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Multicultural Center opens for student use

Center staff to continue developing programming

<p>The center is located in the lower-level of Newcomb Hall.&nbsp;</p>

The center is located in the lower-level of Newcomb Hall. 

The University opened the doors to the Multicultural Center Oct. 17.

The center — located in the lower-level of Newcomb Hall — is designed to be a collaborative space for underrepresented and marginalized groups to use on Grounds. Students are able to utilize the space during its open hours, 9 a.m. to 5 p.m., for studying or small group meetings.

Director of Multicultural Student Services Vicki Gist said, however, that Monday was a “soft opening” — though the furniture has been moved in and the space is physically available to students, much of the programming for the center is yet to be finished.

The center will spend the next few weeks extending invitations to student organizations and working closely with them to determine how the space will be utilized specifically for different events, Gist said in an email statement.

Catalina Pinto, student director for the center and a fourth-year College student, said the center is going to have a formal ribbon cutting ceremony with stakeholders and guests during family weekend in November, but will continue designing its programs throughout the year.

“There is a lot we need to figure out,” Pinto said. “How we are going to get students out there, how the space will be used in different ways and how we will keep up with students’ needs.”

Gist said the center will have its reservation system for events up and running in November. Student CIOs will be able to reserve space in the center for bigger, sponsored gatherings in the evenings.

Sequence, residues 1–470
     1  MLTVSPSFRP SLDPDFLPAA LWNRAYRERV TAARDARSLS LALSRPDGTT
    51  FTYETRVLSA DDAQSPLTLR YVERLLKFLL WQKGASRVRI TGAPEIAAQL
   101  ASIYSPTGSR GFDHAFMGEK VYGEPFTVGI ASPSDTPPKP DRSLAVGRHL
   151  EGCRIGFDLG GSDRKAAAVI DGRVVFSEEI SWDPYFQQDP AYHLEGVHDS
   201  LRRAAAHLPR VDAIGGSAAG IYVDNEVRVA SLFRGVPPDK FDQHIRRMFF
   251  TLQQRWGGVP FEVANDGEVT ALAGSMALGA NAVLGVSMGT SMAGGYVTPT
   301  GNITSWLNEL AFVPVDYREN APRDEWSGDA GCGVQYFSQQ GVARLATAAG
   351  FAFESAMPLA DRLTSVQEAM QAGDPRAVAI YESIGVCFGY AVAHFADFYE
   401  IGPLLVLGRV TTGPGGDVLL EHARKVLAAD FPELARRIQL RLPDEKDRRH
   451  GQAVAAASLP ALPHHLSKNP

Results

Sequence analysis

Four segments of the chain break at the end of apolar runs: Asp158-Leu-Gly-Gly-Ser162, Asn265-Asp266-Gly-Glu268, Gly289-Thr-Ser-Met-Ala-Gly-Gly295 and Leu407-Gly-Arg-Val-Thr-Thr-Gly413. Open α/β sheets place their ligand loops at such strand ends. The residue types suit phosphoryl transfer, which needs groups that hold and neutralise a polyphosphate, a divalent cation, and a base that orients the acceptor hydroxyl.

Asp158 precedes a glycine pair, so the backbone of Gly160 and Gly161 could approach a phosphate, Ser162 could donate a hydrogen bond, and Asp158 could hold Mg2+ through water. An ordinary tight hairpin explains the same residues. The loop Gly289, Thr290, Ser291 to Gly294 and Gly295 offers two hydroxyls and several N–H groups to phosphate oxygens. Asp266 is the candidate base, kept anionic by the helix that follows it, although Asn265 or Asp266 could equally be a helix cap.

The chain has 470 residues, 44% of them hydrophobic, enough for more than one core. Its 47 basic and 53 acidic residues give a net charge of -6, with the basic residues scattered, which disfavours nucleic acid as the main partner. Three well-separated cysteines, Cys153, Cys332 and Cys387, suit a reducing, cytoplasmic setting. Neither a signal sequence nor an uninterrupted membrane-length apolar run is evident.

Given that the space was designed with diversity and inclusion in mind, events will be assessed by the staff of the center with multiculturalism in mind, Pinto said.

Ten interns have already been added to the center’s staff — four operations interns who will help handle the reservation system at the center and tasks around the center, and six engagement interns to assist with program development.

“I’m very proud to be working with a team of class members who really want to put students first and focus on students,” Pinto added.

The center has not yet determined any specific events it will host.

“I think that once we establish a rhythm in which all these people from corners of the University are using the space and coming together, we will be able to better collaborate with students in a variety of ways,” Pinto said.

Pinto emphasized the role of students and collaboration with CIOs in the process of establishing the center in its pilot year.

A student advisory board will be established later this year to discuss and adjust the center’s operations.

“At the end of the day the Multicultural Center should be trying to collaborate with students,” Pinto said. “We hope we can help students achieve their visions for the space as well.”